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Neuroimage. 2020 Feb 25;212:116635. doi: 10.1016/j.neuroimage.2020.116635. [Epub ahead of print]

Time-resolved effective connectivity in task fMRI: Psychophysiological interactions of Co-Activation patterns.

Author information

1
Institute of Bioengineering, École Polytechnique Fédérale de Lausanne, Switzerland; Department of Radiology and Medical Informatics, University of Geneva, Switzerland; Division of Development and Growth, Department of Pediatrics, University of Geneva, Switzerland. Electronic address: lorena.freitas@epfl.ch.
2
Institute of Bioengineering, École Polytechnique Fédérale de Lausanne, Switzerland; Department of Radiology and Medical Informatics, University of Geneva, Switzerland.
3
Department of Physics, University of Bristol, United Kingdom.
4
Department of Basic Neurosciences, University of Geneva, Switzerland.
5
Division of Development and Growth, Department of Pediatrics, University of Geneva, Switzerland.

Abstract

Investigating context-dependent modulations of Functional Connectivity (FC) with functional magnetic resonance imaging is crucial to reveal the neurological underpinnings of cognitive processing. Most current analysis methods hypothesise sustained FC within the duration of a task, but this assumption has been shown too limiting by recent imaging studies. While several methods have been proposed to study functional dynamics during rest, task-based studies are yet to fully disentangle network modulations. Here, we propose a seed-based method to probe task-dependent modulations of brain activity by revealing Psychophysiological Interactions of Co-activation Patterns (PPI-CAPs). This point process-based approach temporally decomposes task-modulated connectivity into dynamic building blocks which cannot be captured by current methods, such as PPI or Dynamic Causal Modelling. Additionally, it identifies the occurrence of co-activation patterns at single frame resolution as opposed to window-based methods. In a naturalistic setting where participants watched a TV program, we retrieved several patterns of co-activation with a posterior cingulate cortex seed whose occurrence rates and polarity varied depending on the context; on the seed activity; or on an interaction between the two. Moreover, our method exposed the consistency in effective connectivity patterns across subjects and time, allowing us to uncover links between PPI-CAPs and specific stimuli contained in the video. Our study reveals that explicitly tracking connectivity pattern transients is paramount to advance our understanding of how different brain areas dynamically communicate when presented with a set of cues.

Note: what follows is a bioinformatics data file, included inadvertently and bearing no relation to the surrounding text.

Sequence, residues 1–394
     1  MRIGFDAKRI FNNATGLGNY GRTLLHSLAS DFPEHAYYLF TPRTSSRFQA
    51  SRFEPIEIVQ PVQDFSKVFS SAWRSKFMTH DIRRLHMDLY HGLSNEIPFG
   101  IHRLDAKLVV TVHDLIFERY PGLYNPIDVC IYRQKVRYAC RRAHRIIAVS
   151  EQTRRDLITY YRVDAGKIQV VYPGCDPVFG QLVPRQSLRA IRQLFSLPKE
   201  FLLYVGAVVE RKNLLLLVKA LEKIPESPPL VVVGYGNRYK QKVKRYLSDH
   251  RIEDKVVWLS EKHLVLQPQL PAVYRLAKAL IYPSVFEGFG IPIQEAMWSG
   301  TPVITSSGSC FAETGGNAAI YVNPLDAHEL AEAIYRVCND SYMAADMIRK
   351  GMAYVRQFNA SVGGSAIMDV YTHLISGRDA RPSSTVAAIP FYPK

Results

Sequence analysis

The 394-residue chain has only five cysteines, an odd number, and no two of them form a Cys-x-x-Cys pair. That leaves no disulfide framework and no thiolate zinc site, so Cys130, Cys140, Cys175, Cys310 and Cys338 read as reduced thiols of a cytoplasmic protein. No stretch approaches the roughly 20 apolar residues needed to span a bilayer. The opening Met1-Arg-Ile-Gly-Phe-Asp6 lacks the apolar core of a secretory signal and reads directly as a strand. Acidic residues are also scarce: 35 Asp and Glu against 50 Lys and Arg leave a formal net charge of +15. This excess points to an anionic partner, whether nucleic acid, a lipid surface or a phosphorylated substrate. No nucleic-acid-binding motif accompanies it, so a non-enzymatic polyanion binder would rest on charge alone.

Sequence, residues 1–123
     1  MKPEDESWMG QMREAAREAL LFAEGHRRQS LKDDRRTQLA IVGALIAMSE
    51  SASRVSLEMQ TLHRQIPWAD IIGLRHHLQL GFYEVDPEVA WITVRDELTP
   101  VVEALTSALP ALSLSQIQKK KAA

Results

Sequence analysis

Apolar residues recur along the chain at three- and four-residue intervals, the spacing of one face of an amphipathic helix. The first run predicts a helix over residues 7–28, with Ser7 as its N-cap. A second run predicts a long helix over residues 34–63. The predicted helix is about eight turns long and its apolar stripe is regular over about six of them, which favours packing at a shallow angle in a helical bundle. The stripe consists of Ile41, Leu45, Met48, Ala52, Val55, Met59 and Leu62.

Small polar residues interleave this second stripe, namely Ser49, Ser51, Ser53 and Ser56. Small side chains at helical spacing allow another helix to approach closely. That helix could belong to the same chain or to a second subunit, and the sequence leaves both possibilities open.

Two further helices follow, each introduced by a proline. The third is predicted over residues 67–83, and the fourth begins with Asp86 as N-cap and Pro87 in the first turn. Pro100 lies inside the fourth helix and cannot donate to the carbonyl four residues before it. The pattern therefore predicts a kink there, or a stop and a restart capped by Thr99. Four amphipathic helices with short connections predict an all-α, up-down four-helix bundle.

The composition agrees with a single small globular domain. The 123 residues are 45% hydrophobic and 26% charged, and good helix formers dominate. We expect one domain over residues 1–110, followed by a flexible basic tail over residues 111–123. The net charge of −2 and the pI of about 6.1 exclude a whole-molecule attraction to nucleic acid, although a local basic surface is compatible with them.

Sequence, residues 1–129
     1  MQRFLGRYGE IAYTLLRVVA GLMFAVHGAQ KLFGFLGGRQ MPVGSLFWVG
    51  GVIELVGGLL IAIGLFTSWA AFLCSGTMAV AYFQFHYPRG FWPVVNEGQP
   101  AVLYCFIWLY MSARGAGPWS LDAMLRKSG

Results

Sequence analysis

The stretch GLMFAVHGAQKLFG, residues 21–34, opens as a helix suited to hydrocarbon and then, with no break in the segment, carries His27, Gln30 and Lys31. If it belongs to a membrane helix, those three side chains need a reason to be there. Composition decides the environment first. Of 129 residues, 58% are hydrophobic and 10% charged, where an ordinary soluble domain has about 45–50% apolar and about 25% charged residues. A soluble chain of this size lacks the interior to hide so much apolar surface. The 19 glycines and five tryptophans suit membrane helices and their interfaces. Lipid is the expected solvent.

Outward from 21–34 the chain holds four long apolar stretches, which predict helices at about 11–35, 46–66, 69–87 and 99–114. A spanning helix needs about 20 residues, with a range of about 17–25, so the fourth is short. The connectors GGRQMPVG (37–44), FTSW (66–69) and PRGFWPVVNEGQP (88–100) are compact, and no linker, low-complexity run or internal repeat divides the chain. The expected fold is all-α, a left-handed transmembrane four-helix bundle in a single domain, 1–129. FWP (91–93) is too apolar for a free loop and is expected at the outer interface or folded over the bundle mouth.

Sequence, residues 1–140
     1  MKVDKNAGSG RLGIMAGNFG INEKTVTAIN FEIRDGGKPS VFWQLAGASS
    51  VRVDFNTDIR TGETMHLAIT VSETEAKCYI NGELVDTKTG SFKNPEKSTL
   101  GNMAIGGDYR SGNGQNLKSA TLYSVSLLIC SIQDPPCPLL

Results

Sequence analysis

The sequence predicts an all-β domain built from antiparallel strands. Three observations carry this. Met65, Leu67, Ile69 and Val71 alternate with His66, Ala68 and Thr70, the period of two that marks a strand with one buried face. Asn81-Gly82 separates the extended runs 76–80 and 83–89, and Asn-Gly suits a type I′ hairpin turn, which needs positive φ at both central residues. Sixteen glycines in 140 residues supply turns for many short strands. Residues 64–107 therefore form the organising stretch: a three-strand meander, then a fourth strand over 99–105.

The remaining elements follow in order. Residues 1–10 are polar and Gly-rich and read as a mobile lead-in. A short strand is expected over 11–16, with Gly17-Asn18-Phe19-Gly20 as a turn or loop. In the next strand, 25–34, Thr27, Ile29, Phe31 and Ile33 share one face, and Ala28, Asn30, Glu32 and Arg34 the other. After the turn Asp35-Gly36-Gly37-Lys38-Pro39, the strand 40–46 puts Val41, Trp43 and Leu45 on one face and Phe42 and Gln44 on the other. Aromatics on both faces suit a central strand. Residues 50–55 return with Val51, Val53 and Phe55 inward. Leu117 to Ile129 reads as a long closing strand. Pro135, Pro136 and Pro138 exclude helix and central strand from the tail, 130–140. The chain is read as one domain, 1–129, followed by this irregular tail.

KEYWORDS:

Co-activation patterns (CAPs); Dynamic functional connectivity (dFC); Framewise analysis; PPI-CAPs; Psychophysiological interaction (PPI); Task fMRI

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